FAA Shutdown Impact: San Antonio

0 Flares Twitter 0 Facebook 0 0 Flares ×

By Frank Miller
The Federal Aviation Administration (FAA) is in partial shutdown as Congress has left Washington to return home for their summer vacation.  The shutdown, which began July 23rd, is having a negative impact on airports across the country.  The press is reporting on the nearly 4000 FAA employees that are going without paychecks and the more than 200 construction programs that have been stopped at various airports around the country.  That is an important part of the story, but it isn’t the whole story.

Airports around the country are being left to wait, many of whom have bids out on projects that are waiting for Airport Improvement Program (AIP) funding from the FAA.  These are safety and security projects.  They are also projects that put engineers and design and construction workers on the job.  Airports pride themselves on being an economic engine for our local economies and the FAA Shutdown is putting a major crimp in our ability to live up to that title.  In addition, it is forcing airports across the country to postpone needed and planned construction projects.

Here in San Antonio we have two programs, with a combined value of $20 million that will be suspended.   Our residential acoustical treatment program is an on-going, multi-year program that provides acoustical treatment to reduce noise in qualifying homes and multi-family dwellings.  Since the program began in 2006 a total of 786 homes have benefited from the program.   The program will be suspended on September 30 when the current funding is depleted.  This is an example of not only the direct job impact on the local contractors who rely upon this program, but to the home owners who benefit from the acoustical treatment that not only improves the noise impacts of the airport but makes their homes more energy efficient.  The second program is the extension of Runway 03/21.  Phase III of the program was set to be advertised this month but will now be deferred pending the availability of funds.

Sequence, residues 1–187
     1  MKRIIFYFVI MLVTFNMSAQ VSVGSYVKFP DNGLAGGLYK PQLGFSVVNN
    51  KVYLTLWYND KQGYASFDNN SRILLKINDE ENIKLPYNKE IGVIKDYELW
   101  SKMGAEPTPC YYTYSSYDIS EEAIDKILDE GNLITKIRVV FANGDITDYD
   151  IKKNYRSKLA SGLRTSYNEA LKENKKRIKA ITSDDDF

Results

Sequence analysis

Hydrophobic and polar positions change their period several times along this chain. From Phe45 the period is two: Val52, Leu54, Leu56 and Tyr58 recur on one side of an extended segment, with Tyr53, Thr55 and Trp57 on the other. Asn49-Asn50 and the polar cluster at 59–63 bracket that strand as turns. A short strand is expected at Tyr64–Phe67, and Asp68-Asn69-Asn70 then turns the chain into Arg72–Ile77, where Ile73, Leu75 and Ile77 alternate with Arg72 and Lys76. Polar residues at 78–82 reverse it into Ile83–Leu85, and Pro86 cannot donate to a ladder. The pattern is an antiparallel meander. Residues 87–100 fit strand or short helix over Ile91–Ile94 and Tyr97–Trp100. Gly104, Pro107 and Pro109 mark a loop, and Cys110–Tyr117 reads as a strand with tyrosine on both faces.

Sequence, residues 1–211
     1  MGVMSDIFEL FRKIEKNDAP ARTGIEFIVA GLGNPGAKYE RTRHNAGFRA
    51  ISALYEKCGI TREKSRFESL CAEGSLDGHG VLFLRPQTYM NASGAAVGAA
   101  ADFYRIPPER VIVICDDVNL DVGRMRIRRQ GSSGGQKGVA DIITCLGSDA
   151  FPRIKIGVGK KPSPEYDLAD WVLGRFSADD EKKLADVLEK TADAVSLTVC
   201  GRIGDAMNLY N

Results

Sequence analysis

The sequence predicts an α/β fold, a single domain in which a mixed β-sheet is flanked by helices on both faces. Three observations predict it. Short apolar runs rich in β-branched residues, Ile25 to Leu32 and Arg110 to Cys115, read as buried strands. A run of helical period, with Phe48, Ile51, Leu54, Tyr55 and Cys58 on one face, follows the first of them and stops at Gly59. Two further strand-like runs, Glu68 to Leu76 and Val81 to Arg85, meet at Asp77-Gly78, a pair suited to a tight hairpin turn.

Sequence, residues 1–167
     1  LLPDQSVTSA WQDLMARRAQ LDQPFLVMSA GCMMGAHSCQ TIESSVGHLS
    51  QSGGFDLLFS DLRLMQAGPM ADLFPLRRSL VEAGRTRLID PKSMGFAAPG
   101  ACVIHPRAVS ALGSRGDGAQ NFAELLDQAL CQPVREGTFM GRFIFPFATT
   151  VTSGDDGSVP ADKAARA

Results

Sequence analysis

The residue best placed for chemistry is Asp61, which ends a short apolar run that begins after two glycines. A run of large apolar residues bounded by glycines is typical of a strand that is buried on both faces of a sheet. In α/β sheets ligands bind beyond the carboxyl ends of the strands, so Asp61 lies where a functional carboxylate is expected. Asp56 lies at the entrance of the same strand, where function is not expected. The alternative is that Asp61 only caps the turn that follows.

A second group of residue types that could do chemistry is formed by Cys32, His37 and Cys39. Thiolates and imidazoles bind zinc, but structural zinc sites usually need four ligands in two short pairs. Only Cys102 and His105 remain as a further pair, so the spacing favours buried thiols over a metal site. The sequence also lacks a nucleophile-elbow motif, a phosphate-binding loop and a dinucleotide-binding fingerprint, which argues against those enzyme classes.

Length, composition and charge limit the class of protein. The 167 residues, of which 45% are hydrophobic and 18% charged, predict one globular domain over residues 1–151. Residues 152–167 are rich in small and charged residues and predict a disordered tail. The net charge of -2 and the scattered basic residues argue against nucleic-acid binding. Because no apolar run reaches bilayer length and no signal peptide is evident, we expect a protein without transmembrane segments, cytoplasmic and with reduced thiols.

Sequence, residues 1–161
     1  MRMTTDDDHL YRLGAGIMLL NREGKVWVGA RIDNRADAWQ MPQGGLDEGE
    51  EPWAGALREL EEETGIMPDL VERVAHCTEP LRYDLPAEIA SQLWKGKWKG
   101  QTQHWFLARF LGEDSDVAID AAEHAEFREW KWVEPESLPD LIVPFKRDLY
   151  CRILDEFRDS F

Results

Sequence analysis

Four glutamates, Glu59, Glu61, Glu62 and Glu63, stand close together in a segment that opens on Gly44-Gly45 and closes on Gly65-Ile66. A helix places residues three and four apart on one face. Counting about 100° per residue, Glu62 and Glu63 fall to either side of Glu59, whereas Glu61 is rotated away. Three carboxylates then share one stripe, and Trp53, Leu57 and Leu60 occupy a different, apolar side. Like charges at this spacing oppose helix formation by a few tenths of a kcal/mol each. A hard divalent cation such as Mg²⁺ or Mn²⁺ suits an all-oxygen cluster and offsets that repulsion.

Congress needs to fix this problem now.  The longer the FAA Shutdown continues, the greater the damage to the entire national aviation transportation system.  I want to take this opportunity to thank Senator Kay Bailey Hutchison (R-TX), ranking member of the Senate Commerce, Science and Transportation Committee, who took to the Senate floor on Monday and did her best to bring reason to the debate in an effort to end the Shutdown.  The Senator made it clear that the most important issue was getting the FAA back in working order so that airports, FAA employees and the construction industry could do what we do best; operate the safest aviation system in the world.

Frank Miller is the Aviation Director of the San Antonio Airport System and the Chairman of the ACI-NA Board of Directors.